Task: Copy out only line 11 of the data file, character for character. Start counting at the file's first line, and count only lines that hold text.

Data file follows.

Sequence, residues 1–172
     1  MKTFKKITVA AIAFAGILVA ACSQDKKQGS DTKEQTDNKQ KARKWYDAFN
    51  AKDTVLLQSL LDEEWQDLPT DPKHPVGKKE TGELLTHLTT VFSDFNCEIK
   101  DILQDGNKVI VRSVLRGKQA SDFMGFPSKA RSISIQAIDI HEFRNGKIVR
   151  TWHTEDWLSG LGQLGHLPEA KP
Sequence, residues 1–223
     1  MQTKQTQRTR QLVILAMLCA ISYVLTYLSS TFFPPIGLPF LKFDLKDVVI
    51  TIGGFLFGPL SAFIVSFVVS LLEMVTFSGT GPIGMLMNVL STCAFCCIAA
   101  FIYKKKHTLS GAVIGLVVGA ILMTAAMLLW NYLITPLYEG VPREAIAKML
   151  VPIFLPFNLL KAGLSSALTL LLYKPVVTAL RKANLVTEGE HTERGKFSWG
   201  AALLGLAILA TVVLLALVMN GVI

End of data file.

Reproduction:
   201  AALLGLAILA TVVLLALVMN GVI